Employee Engagement COVID-19 Consumer Behavior

Marketers, it’s time to get realistic about the next wave of Covid-19

By Jennifer Risi, CEO

October 11, 2021 | 5 min read

At the start of the pandemic, brands jumped to create communications plans relevant to addressing the myriad of effects it has on their consumers. Today, however, while news of vaccine mandates and pushed back back-to-office dates continues to break, brands are remaining noticeably quiet about the Covid-19 resurgence from a brand perspective. Here’s what marketers need to be thinking about.

mask up marketers

When it comes to Covid-19, brands that strike the right balance of aspiration within the reality of the moment will win

It appears that brands are trying – and perhaps struggling – to find the right approach to connect with shoppers in an impactful, meaningful way amid the evolving Covid-19 landscape. After enjoying what many have called a ‘hot vax summer,’ it is hard to accept that even vaccinated people continue to face uncertainty when it comes to their safety. Worse still, vaccination rates in the United States have slowed to roughly 55% and are only rising marginally.

The emotional fatigue of the ongoing crisis is palpable. The question now is: is it possible for brands to maintain a forward-looking vision? And if so, how?

Think backward to move forward

Unlike March 2020, brands are not faced with the burden of making Covid-19 response plans from scratch. Language addressing the gravity of the pandemic, especially within the context of a brand’s overarching mission and products/solutions, already exists and can provide guidance for updated versions. Patterns for how the market will respond at its worst in reaction to the pandemic’s effects last year can inform what to expect from the approaching wave.

With this said, it is important to factor in the current landscape and update messages to meet the moment. For example, Covid-19 fatigue extends to constantly hearing and talking about it, so consider ways your brand can balance marketing that blends ‘keeping it real’ with authenticity. Think about the non-traditional ways your product could be seen as needed, both in this time and later.

Reflect on the current environment

At present, few visual advertisements are still incorporating preventative measures such as masks and social distancing. This may soon change once again. It is no secret that the nationwide rhetoric regarding wearing masks and getting vaccinated indicates, as Dr Anthony Fauci called it, “two Americas.” It will be important for brands to home in on which messages will resonate best to different audiences. The brands that strike the right balance of aspiration within the reality of the moment will win.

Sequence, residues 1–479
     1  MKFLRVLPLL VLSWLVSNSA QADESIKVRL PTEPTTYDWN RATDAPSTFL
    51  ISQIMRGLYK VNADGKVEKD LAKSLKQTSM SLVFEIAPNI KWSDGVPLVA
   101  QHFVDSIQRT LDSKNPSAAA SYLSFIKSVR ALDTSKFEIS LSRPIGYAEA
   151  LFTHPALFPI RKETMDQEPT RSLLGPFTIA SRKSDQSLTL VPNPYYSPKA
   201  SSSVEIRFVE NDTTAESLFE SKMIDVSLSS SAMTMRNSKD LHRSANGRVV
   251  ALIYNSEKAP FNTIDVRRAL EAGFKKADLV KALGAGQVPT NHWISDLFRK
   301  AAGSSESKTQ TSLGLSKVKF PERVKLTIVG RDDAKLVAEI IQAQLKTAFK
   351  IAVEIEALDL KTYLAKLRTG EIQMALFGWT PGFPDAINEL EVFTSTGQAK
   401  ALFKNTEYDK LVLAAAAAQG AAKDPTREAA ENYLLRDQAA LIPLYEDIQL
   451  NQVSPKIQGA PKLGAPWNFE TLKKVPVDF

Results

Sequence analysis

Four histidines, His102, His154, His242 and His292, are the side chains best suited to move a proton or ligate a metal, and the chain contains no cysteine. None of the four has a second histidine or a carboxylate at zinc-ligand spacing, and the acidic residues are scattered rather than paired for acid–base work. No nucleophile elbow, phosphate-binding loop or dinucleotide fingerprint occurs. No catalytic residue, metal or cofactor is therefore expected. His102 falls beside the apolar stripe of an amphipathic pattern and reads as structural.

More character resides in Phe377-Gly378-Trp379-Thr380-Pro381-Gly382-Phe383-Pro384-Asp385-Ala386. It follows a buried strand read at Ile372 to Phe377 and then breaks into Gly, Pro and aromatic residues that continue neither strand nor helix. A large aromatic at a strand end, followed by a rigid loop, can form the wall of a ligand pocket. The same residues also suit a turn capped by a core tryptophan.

Gauge actual consumer needs

Nearly 70% of consumers say they believe the economy will take a somewhat or significant negative turn amid the Covid-19 surge – particularly in combination with the flu season, according to a study conducted by The Sway Effect in August. Interestingly, roughly 50% of respondents are reportedly being more conservative with their finances, and 17% are shifting their purchasing decisions to other products or services. This tenor of caution needs to be considered for all facets of a brand’s consumer planning for 2022, so keep a pulse of shifts in the market and stay the course. Rather than scaling back, invest in resources that will continue to maintain and ideally grow the brand. Surges of Covid-19 cases are temporary, but the repercussions of scaling back when more robust purchasing behaviors may be on the horizon could become a missed opportunity that lasts.

Accelerate employee retention through communication

Given the tight labor market, now dubbed the ‘Great Resignation,’ brands should place heavy emphasis on retaining and attracting talent through closer communication with employees. As employees are largely accustomed to remote work, which was once a difficult unknown and is now a strong safety net, brands can leverage internal communications to do the heavy lifting.

By providing regular resources such as virtual town halls, office hours and 1:1 meeting times between managers and staff, brands can cultivate a company-wide culture of open dialog that taps into what workers value most at their company. It can also give you a clear picture of what practices may need to evolve. While meeting for meeting’s sake is counterproductive, planning times to discuss targeted topics and demonstrating a willingness to listen carefully is a behavior that can encourage greater engagement and collaboration.

Brands have the chance, from now, to predict consumer needs and spending habits. Teams can strategize whether product demand may wax or wane and innovate differently. The brands that take a multifaceted approach to plan and act can continue to ‘hold sway’ amid the Covid-19 landscape and well into the future.

Jennifer Risi is founder and president of the Sway Effect. Natalie Kawam, director of brand strategy, co-authored this piece.

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